Operating in Environments Compromised by Chemical, Biological, Radiological or Nuclear Agents
Safeguarding Australia against chemical, biological, radiological and nuclear (CBRN) attacks, requires an increase in the speed and flexibility with which our defence forces can respond.
DSI researchers are innovating and introducing systems which rapidly alert defence personnel when they have been exposed to chemical or biological contaminants. The systems provide real-time actionable data so personnel and mission-related countermeasures can be deployed, improving mission and personnel health outcomes. Advanced sensors are being developed which can be mounted on drones to check for radiation with an accuracy not currently available and in areas where conventional detection methods are not possible.
These and other CBRN-related projects help our forces avoid contamination, or when avoidance is not an option provide intelligence on the length of time personnel can be exposed without serious risk and what protective equipment will keep them safe and allow operations to continue.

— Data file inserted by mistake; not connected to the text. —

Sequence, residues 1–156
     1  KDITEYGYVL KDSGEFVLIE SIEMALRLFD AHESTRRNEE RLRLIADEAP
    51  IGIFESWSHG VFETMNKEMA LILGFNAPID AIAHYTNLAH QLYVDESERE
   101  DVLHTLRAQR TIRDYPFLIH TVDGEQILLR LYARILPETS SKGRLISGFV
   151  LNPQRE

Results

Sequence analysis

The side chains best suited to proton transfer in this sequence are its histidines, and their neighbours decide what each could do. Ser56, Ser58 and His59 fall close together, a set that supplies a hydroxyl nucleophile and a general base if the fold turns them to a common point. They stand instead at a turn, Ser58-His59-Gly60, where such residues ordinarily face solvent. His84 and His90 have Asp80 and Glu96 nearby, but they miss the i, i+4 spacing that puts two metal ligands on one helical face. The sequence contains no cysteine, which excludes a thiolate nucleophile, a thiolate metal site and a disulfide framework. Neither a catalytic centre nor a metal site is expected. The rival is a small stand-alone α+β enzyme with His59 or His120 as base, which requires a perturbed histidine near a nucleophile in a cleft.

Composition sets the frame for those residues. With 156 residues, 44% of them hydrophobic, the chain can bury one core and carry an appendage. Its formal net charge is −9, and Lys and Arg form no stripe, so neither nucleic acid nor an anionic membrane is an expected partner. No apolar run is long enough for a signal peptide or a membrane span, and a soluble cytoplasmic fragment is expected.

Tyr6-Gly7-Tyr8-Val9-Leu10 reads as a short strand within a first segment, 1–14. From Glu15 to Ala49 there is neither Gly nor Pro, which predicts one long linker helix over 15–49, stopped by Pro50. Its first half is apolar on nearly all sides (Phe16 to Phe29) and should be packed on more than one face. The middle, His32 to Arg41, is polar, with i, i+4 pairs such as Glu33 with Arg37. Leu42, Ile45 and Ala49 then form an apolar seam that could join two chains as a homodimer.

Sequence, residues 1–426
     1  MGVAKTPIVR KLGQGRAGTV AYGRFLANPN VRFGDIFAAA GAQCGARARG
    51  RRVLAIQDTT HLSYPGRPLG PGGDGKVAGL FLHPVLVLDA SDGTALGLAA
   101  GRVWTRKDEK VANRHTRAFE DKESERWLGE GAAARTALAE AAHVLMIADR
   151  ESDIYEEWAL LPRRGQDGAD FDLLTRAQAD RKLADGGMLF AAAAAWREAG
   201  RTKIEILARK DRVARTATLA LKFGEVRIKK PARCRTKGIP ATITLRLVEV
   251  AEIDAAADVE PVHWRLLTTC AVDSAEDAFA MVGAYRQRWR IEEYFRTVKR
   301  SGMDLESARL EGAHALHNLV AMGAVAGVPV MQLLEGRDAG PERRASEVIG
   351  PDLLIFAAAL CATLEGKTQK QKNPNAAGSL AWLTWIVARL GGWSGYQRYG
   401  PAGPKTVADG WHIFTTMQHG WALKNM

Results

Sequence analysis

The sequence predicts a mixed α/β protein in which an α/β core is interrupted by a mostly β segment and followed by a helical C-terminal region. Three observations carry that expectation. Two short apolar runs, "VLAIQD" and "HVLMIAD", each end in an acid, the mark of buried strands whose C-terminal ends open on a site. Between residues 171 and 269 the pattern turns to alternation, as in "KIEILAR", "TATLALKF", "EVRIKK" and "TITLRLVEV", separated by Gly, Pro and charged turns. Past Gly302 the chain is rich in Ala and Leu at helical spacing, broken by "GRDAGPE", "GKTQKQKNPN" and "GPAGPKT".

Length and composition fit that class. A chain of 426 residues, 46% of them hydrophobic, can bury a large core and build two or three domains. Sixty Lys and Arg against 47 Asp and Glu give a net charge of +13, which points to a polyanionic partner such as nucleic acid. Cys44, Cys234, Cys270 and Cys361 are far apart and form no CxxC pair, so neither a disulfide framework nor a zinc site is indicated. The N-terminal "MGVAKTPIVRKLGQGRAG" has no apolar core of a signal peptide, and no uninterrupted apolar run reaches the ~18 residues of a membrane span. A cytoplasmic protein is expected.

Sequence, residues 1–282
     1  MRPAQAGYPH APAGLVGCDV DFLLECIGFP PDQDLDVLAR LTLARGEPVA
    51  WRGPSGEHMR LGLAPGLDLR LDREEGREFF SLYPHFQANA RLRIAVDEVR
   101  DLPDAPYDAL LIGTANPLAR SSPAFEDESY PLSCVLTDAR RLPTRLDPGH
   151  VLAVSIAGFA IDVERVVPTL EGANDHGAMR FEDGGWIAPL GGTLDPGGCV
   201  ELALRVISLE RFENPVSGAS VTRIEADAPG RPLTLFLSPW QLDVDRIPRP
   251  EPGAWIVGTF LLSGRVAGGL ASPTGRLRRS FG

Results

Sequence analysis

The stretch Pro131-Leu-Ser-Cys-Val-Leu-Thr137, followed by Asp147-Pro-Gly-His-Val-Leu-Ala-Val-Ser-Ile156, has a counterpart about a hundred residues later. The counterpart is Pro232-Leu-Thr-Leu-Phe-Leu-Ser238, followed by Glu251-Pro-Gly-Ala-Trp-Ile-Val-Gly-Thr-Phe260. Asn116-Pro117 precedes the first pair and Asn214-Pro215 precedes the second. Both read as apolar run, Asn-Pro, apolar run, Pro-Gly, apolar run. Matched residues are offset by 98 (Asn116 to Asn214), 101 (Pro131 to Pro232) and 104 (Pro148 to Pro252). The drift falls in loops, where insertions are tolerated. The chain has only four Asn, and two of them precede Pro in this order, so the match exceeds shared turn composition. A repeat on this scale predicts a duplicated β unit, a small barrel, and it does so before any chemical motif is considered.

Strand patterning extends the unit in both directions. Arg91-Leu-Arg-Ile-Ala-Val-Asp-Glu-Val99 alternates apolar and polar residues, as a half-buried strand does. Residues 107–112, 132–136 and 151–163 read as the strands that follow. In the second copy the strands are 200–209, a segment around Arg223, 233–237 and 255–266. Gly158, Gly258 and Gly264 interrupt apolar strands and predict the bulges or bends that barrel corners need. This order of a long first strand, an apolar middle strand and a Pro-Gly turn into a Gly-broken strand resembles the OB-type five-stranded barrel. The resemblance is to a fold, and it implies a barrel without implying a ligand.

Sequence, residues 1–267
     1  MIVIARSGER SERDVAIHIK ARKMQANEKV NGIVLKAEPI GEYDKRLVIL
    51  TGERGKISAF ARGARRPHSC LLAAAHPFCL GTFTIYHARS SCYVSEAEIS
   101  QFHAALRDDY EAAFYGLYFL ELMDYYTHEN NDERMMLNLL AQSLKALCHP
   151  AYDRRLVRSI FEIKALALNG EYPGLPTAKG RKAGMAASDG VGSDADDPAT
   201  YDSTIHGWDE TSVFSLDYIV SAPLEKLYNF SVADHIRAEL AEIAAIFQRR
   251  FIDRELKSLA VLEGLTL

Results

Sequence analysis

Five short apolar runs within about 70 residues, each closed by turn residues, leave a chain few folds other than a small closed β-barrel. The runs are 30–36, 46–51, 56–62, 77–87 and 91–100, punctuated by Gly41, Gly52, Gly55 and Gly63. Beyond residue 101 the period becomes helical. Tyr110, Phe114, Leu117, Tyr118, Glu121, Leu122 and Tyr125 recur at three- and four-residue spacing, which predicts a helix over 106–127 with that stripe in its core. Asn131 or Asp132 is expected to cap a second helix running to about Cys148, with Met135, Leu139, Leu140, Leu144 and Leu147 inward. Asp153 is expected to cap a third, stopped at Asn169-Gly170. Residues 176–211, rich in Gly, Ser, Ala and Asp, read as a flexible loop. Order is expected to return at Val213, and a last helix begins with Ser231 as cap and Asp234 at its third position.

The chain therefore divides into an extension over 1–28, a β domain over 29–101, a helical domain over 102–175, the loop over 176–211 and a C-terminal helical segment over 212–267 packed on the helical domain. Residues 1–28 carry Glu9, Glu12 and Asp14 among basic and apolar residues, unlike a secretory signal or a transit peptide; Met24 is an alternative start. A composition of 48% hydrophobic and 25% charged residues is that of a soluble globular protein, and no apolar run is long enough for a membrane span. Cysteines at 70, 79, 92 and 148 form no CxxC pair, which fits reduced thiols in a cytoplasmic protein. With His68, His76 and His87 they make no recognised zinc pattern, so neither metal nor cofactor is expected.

Our focus is on supporting Australia’s defence capability. However, this research also has implications for other environments including contaminated mine sites, emergency search and rescue, and for medical radiation therapy.
DSI also works with the Centre for Radiation Research, Education and Innovation (CRREI) to create and support the next generation of highly skilled researchers to work in this complex and uncertain space.
Sometimes it is not possible to identify in advance if there are chemical or biological agents present in an area.Read more about Human integrated sensor system program